BELGIUM - A group of Europe's leading banking and insurance companies is calling on the European Commission to advance pan-European co-operation between national asset management regulators, by establishing a lead supervisor that would act as a single point of contact for all reporting schemes.
In a report published on June 15, the European Financial Services Round Table (EFR) highlighted the benefits that a lead supervisor would have on the banking (including asset management) and insurance sectors.
EFR member Anton van Rossum, chief executive of banking and insurance company Fortis, said a truly integrated financial market was impossible without better cross-border management of national rules. Closer co-operation among national supervisors, which the EFR has so far been pushing for, is in itself insufficient. A lead supervisor would be able to provide a much better overview of the industry as a whole, and this would be invaluable at a time of crisis in the industry.
The report said: "It is unacceptable and inefficient that financial institutions should have to cope with a multitude of independently acting local supervisors."
But the EFR insisted its proposal for a lead supervisor would not result in the harmonisation of national rules. Rather, it would promote closer co-ordination between the different systems of the EU's Member States. In the cases where national bodies held different opinions from those of the lead supervisor, committees that have been established under the Lamfalussy framework would act as arbitrators - for example, the Committee of European Banking Supervisors (CEBS), the Committee of European Insurance and Occupational Pensions Supervisors (CEIOPS) and the Conglomerate Committee.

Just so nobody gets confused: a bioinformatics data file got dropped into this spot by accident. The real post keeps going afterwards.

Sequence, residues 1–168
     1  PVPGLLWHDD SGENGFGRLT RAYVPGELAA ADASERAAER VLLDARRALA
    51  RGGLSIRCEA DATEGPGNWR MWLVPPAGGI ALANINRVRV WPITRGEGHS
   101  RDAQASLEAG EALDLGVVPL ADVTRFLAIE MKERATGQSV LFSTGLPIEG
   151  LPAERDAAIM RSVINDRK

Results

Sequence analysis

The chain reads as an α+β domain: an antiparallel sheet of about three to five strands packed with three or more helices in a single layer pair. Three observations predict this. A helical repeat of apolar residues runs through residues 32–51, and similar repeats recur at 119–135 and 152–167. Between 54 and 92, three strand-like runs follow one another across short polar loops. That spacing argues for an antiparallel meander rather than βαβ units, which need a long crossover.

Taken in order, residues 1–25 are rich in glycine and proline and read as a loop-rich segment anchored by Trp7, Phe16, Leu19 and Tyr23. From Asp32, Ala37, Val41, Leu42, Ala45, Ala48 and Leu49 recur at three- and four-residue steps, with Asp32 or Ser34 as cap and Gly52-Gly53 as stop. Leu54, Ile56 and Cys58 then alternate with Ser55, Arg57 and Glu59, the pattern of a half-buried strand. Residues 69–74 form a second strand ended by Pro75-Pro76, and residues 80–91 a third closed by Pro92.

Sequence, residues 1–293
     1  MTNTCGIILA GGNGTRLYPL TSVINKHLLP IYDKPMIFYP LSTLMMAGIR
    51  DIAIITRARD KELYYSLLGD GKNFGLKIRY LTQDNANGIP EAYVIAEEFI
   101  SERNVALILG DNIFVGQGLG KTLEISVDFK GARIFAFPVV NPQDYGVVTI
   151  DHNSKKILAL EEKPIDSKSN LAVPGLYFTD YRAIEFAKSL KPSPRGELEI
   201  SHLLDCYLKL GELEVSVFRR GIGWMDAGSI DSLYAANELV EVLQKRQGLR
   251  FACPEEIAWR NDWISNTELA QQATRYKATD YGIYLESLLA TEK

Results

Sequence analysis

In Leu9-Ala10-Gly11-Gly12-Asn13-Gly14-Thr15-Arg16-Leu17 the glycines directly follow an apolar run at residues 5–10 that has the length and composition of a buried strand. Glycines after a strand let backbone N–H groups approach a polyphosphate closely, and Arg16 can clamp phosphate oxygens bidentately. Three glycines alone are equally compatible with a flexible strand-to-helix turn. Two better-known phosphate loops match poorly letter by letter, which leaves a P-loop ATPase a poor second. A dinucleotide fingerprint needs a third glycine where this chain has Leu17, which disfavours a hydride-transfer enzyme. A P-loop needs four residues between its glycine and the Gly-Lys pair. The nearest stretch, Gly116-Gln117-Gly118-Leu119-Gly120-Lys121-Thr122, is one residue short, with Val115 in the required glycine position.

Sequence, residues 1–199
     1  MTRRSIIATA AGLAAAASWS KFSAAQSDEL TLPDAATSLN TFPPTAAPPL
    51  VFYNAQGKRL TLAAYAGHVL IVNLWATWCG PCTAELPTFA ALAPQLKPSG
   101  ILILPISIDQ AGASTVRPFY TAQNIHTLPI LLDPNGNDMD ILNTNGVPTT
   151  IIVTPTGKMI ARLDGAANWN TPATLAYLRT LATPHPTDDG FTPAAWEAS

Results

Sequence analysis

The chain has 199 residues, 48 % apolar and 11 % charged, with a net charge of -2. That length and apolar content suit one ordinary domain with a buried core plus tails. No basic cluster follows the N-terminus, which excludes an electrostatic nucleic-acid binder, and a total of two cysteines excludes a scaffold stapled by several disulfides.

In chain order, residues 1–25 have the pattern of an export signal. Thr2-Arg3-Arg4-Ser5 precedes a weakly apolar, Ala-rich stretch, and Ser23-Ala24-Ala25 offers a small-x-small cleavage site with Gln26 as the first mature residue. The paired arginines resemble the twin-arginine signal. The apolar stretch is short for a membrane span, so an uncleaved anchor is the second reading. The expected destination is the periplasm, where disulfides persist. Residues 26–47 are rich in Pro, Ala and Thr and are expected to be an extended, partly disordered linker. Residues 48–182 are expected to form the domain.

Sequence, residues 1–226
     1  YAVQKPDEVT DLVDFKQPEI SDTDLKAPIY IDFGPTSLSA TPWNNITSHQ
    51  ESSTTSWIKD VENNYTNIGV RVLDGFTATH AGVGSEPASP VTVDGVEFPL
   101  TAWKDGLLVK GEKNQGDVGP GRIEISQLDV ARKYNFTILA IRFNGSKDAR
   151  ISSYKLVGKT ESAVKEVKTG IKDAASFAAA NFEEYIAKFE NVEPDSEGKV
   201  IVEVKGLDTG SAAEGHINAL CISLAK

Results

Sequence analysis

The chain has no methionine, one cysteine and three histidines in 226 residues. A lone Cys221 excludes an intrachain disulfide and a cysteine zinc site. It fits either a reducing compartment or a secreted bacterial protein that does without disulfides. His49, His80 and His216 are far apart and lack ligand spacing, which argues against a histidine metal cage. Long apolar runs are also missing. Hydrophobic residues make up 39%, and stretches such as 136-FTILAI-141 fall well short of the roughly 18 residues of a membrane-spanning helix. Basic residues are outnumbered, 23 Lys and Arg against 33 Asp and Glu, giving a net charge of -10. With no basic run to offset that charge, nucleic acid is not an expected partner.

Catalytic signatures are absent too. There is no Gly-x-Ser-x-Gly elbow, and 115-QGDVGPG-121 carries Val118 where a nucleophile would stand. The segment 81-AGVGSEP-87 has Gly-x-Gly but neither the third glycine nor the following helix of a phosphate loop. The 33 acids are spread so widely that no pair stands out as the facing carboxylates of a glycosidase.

The EFR stopped short of calling for a single regulatory European financial services authority, though did not rule one out completely. "There may be a call for one in the future," admited van Rossum. He added that the proposal for a lead supervisor is simply a further step in promoting closer co-operation between the myriad of national supervisory systems.
Managers of pension funds are not yet calling for greater pan-European supervision, but Freddy Van den Spiegel, chief economist at Fortis Bank, who helped draft the report, said discussions on this are not far away.